Taking on Mud Factor for Islamic Relief

Reposted from the Islamic Relief USA blog: Getting Muddy for a Good Cause.

mudfactor

On a Saturday morning in August, twenty very different people decided to run a 5k for a good cause. They put on their running shoes and ran, jumping over fallen trees, trekking up intimidating hills, and leaping over muddy streams. The runners even had to climb over some obstacles and crawl under others to complete the race. In the end, they were covered in mud.

The group of Muslim men and women had a single mission when they signed up for the Mud Factor race in Maryland this August: to raise funds for their favorite charity.

“This event was great for charity and a good event for Dawa,” said Abdel Rahman, one of the racers. “People were so impressed with all the hijabis running with the team … Integration is key to end the stereotypes.”

And they raised enough money to sponsor an orphan for the next five years through Islamic Relief USA in just two weeks before the race.

Race groups raised money for their favorite charities, and many charities were represented at the race. Abdel Rahman’s group had the unique opportunity to represent a Muslim charity at the event. And many of the other participants noticed.

“What makes a mud run really worthwhile and popular is the chance to raise money for Islamic Relief. We had people say how cool we were for trying something like this. We received so many high fives. One guy even said ‘Assalamu Alaikum.’ We asked this heavily tattooed man if he was Muslim and he said ‘no, but I have a lot of respect for your group doing this.’” said organizer Rasha A., of Falls Church, VA.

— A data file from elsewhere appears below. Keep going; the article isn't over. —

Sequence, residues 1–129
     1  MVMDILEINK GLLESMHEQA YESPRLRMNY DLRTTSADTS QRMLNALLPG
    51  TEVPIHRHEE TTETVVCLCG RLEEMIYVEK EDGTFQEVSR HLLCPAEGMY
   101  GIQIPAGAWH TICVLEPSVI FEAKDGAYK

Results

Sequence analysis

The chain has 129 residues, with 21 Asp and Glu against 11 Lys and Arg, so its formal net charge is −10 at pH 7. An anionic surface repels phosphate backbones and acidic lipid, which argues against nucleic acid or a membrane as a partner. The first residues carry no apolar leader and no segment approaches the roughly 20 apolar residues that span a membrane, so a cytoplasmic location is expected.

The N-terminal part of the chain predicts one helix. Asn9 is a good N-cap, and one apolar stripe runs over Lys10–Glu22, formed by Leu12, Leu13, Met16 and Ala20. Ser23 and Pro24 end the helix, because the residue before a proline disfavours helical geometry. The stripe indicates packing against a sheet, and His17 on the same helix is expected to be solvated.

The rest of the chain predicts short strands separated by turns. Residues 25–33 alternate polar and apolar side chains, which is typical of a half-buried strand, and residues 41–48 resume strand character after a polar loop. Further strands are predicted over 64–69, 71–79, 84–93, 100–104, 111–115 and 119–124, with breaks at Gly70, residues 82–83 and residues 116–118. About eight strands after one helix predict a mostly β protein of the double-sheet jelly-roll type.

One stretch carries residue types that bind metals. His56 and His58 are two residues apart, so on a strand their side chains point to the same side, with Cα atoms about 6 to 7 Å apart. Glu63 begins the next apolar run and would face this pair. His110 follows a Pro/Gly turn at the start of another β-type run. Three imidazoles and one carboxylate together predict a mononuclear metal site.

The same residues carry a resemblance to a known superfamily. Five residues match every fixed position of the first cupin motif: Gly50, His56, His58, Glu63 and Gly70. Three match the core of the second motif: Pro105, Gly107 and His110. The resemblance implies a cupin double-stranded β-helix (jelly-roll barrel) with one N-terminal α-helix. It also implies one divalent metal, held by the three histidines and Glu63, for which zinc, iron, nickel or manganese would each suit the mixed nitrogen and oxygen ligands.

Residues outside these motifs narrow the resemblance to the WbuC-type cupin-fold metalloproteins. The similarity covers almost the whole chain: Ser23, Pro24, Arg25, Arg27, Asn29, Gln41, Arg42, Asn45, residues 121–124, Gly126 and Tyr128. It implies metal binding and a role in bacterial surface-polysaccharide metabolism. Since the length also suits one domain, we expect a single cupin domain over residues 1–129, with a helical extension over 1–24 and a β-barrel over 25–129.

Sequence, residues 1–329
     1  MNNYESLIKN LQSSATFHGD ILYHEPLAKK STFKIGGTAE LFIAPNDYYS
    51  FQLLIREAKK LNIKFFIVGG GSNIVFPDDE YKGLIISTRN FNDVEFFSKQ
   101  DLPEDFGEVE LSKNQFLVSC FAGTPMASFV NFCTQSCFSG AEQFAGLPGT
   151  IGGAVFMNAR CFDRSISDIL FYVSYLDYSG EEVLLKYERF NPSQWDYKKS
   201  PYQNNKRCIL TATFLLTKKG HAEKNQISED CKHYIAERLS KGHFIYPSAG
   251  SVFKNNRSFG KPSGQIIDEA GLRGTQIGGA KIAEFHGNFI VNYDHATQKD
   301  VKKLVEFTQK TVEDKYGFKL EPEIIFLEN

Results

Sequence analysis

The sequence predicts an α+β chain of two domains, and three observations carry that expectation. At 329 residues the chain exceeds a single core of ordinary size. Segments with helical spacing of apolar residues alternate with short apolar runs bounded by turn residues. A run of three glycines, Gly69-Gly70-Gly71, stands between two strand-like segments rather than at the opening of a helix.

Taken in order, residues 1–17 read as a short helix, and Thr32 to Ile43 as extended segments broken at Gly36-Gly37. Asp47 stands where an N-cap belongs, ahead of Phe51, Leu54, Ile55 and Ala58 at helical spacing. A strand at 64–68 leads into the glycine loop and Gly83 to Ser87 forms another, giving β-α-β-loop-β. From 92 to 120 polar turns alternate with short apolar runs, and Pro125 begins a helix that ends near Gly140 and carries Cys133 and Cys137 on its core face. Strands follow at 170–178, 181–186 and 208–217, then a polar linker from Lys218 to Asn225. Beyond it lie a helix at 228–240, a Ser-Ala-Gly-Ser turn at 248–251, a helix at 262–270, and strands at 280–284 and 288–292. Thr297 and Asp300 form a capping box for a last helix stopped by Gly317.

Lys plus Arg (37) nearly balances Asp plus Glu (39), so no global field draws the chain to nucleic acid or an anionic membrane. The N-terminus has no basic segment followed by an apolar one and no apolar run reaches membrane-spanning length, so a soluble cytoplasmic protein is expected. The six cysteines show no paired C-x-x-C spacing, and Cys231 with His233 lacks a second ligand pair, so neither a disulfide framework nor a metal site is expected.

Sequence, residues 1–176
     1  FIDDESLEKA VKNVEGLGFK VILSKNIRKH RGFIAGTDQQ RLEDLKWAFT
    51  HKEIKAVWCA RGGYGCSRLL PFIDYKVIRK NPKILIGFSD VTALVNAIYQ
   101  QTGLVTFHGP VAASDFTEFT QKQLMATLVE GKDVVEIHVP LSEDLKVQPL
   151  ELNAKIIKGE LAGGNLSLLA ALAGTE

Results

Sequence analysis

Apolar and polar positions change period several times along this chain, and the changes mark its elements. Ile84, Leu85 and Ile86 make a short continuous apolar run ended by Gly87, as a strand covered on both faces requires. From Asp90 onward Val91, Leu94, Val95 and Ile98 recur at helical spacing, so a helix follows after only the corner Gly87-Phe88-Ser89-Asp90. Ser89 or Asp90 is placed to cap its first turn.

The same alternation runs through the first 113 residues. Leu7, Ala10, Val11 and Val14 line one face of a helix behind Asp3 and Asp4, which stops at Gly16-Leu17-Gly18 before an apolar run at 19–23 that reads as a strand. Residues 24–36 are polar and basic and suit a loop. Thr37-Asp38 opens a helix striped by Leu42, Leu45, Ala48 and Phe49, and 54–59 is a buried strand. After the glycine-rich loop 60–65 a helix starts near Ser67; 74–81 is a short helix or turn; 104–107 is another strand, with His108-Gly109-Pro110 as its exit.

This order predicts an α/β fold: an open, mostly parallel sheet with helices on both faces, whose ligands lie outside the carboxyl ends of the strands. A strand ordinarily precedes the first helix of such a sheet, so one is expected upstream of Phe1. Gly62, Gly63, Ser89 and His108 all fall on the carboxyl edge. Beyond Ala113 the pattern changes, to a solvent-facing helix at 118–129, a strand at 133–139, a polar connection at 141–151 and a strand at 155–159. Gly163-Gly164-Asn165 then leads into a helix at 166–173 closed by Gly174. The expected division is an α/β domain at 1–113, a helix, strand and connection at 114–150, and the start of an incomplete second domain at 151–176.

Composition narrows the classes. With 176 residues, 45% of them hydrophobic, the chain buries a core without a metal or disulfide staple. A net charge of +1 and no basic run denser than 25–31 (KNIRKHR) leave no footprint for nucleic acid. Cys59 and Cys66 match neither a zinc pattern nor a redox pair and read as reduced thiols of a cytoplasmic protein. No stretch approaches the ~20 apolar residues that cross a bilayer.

Another racer, Merehan E. from Fairfax, VA, recalled some other contestants surprised by Muslim women like her being active in the community. “I remember one lady giving us praise for doing this while being fully dressed, while another couple who wanted to join our team at our next event and they were not even Muslim,” she said.

Plus, the team had so much fun, they decided to plan their next group adventure in November at the Run or Dye race to raise even more support for IRUSA programs.

Teams like this in the community help facilitate understanding and cooperation amongst all community members, despite their background. More groups like these can help people in need, but also help others understand that Muslims are people who like to have fun too.

If you and your friends are adventure seekers, get involved with Team Fundraising: find a cause you would like to support and start a group. You can participate in many races or events in your community. It’s a way to put a smile on your face—and the face of someone in dire need.

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